The show clearly aims to disseminate recent findings about the Bible and religion in ancient Judea, most of which will be well-established and well-known to scholars in the field of the Old Testament/Hebrew Bible. It is to be presented by senior lecturer at the University of Exeter, Francesca Stavrakopoulou. Her excellent work on cultic child sacrifice to Yahweh, and more generally on the diversity of religious practices in ancient Judea, appears to inform much of the content of the television series. Episode one includes a look at the legendary kingdom of David and the legendary Giant, Goliath:

In episode one, Dr Stavrakopoulou goes on the trail of the Biblical King David and his fabled empire. A national hero and icon for the Jewish people, and a divine king for Christians, David is best known as the boy warrior who defeated the Philistine giant Goliath. As King he united the tribes of Israel. But did he really rule over a vast Israelite kingdom? Dr Stavrakopoulou visits key archaeological excavations where ground-breaking finds are being unearthed, and examines evidence for and against the Biblical account of King David. She explores the former land of the Philistines, home of the legendary giant Goliath, and ruins in the north of Israel and in old Jerusalem, itself purporting to be remains of David’s empire.

(Unreality TV)

Although critical scholars have long accepted the doubtful historicity of all or much of the ‘kingdom of David’ mentioned in 2 Samuel, and acknowledged the gradual development of “monotheism” in the Persian Period, these aspects are inevitably bound to astound and shock some viewers – especially if some of the early reactions to the show’s publicity are anything to go by. The Mail sensationalized the fact that Yahweh had a divine consort or “wife”, in an article whose tone bordered on the snide. Yet the fact that Yahweh once shared a bed with Mrs Yahweh (“Asherah”) is widely accepted by mainstream scholars as a part of “orthodox” religious belief and temple worship in places like Judea, in the centuries before the development of the Hebrew Bible in its current form.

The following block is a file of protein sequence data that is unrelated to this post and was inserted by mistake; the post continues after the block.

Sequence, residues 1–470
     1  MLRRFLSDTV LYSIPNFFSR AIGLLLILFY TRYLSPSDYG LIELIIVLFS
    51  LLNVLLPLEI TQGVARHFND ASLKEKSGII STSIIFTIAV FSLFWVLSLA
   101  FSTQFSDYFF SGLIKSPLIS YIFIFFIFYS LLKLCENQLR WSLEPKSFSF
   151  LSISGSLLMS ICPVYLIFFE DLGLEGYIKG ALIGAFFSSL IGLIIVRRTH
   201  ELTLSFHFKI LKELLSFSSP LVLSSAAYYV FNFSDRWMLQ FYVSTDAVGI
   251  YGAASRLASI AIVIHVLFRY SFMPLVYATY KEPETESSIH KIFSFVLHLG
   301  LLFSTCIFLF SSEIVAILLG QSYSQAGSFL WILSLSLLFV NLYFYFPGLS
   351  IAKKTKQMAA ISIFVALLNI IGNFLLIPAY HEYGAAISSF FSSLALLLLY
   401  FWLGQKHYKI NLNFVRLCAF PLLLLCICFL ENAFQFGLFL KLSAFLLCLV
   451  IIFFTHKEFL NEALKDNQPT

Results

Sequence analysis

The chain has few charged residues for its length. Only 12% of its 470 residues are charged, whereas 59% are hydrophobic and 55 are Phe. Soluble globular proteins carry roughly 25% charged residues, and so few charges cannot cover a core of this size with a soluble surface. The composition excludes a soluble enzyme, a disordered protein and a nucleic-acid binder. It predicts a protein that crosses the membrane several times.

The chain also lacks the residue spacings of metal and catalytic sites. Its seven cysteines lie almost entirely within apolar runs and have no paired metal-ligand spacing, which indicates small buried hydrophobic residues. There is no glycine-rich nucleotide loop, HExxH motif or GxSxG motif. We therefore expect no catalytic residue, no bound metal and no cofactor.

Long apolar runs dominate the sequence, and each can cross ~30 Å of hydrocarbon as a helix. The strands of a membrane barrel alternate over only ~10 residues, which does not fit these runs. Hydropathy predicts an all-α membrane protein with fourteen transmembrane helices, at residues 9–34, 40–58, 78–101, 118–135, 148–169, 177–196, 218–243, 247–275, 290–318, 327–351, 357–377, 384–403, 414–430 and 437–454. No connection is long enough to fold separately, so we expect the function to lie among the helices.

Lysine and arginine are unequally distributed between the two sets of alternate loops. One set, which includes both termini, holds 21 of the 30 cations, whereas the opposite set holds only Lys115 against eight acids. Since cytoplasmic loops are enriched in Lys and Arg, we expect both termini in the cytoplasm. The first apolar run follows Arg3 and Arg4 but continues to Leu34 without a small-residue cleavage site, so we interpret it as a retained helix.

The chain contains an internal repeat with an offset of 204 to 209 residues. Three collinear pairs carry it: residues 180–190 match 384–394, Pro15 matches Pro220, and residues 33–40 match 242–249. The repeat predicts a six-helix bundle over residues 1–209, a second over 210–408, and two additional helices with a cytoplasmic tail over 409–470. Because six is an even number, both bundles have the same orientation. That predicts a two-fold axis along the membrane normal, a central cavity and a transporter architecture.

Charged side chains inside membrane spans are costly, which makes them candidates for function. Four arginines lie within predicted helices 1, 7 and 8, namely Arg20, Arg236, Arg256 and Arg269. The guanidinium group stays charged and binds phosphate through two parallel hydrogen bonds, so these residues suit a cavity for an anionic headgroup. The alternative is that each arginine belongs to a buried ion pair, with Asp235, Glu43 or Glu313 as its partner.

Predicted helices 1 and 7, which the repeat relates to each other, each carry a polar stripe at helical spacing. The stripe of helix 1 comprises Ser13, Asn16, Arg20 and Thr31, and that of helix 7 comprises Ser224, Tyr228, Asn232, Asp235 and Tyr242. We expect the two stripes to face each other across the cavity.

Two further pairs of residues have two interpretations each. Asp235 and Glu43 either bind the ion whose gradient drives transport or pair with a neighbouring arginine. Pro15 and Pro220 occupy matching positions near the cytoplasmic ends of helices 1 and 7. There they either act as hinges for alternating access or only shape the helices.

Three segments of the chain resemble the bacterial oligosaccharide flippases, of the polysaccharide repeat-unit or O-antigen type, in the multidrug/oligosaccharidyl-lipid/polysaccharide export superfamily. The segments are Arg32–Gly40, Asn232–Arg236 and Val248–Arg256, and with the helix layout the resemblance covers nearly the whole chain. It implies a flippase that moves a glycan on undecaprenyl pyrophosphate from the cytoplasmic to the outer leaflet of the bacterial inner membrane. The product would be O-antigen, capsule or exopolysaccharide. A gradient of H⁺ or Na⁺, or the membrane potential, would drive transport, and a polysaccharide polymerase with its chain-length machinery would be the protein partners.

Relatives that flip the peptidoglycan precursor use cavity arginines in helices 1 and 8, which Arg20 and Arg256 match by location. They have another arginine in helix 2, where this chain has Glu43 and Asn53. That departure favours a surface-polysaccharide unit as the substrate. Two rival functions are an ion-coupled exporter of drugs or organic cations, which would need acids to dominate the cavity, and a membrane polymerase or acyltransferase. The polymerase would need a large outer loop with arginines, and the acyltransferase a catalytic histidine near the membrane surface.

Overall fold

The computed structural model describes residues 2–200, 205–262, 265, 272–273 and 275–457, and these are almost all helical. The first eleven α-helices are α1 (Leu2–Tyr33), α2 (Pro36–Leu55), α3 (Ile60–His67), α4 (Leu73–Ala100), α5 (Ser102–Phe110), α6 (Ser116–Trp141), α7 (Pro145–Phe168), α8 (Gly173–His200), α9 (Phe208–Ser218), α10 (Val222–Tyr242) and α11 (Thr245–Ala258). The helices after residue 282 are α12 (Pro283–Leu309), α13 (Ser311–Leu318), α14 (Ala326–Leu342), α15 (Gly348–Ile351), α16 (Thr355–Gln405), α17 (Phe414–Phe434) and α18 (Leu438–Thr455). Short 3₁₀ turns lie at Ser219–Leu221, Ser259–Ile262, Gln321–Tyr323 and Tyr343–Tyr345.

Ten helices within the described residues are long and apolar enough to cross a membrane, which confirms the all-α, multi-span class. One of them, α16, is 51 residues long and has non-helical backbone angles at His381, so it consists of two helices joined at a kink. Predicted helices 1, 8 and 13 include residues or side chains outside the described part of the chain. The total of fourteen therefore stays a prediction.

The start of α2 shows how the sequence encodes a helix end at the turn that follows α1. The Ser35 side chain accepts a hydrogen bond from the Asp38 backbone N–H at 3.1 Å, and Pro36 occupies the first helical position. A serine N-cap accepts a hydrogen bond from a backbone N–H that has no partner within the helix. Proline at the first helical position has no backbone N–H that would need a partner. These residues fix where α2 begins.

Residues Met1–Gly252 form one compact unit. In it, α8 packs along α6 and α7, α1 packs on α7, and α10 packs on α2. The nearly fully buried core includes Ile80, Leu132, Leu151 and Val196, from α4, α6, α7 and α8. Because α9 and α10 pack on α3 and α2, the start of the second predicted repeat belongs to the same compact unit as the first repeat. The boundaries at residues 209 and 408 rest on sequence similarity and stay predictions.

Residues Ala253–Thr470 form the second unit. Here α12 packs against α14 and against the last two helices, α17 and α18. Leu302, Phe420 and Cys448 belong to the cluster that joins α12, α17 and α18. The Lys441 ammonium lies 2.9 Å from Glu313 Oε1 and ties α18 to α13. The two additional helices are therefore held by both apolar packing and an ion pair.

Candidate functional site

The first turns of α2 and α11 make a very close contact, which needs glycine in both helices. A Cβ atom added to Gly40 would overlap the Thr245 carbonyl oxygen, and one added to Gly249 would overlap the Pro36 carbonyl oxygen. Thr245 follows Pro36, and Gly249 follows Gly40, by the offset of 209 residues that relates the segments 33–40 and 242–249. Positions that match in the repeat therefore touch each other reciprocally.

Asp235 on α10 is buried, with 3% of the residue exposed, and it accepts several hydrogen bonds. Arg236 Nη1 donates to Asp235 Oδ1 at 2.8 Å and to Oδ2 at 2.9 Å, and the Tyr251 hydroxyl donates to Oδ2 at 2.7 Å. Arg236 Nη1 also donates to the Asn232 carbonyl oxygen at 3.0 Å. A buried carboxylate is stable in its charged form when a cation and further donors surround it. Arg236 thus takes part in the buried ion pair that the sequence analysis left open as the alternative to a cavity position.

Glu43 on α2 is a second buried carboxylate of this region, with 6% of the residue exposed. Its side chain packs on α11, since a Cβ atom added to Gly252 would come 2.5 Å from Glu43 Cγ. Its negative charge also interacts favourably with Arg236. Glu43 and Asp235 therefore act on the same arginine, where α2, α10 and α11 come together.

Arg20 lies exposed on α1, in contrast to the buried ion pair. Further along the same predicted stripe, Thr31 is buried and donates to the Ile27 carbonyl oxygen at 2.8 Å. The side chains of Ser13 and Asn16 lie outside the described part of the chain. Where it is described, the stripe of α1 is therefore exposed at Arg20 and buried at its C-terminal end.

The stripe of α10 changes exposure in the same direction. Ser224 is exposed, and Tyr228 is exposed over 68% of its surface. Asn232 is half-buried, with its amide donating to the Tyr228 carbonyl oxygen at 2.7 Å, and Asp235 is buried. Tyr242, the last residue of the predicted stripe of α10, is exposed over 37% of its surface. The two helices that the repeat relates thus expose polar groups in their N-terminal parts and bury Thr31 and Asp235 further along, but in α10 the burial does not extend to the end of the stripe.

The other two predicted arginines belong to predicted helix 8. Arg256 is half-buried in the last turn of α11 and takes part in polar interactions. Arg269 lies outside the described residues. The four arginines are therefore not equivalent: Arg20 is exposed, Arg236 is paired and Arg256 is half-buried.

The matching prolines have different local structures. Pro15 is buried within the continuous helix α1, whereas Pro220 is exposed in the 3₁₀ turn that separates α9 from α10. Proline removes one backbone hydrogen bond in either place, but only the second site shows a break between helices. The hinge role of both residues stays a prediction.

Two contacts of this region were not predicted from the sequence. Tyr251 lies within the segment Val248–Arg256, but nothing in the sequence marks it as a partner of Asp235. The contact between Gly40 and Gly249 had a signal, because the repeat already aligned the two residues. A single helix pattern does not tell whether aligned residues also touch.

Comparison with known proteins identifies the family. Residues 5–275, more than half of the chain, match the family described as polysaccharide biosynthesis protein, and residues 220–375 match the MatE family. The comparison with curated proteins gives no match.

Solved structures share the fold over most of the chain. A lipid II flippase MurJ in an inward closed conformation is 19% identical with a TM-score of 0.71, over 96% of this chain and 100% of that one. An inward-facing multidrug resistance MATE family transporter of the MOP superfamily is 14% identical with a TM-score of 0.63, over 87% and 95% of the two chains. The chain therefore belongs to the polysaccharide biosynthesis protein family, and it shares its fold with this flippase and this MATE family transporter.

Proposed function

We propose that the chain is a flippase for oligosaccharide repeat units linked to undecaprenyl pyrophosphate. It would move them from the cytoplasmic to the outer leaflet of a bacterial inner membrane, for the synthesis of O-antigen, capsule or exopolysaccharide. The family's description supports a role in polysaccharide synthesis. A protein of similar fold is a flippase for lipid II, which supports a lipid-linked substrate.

The fact that Stavrakopoulou does not believe in the existence of the ancient Semitic deity she studies (she is an atheist) was also a cause for sensationalism and consternation. The Mail further reports the response of former English MP, Ann Widdecombe, who spluttered: “I would guess that most other theologians will demolish her theory in three seconds flat.” However, what should be noted is that Widdecombe is no expert in biblical studies and she offers no reason for rejecting Stavrakopoulou’s claims, but in classic knee-jerk fashion imagines that some expert, somewhere, must be able to provide a counter-argument that will allow Widdecombe to rest easy in her Roman Catholic faith. Now that’s just appalling journalism. It is true that some of the more dogmatic theologians posing as biblical scholars today would give about 3 second worth of consideration to the type of Old Testament scholarship that Stavrakopoulou practices on a day-by-day basis… and then dismiss it out of hand. But the BBC has made precisely the right move in picking a genuine biblical studies scholar, rather than one of the host of  theological apologists whose natural response is to avoid rather than engage with these facts, speciously side-stepping the issues involved.

It’s also very good to see a shift away from the usual “middle-aged, bearded men”  usually consulted as biblical scholars, and even better to see somebody of Stavrakopoulou’s academic credentials rather than the faithful propagandists frequently wheeled out for comment. And, lastly, hopefully this series will reach the Antipodes some time soon…

Update: See all three episodes of The Bible’s Buried Secrets here.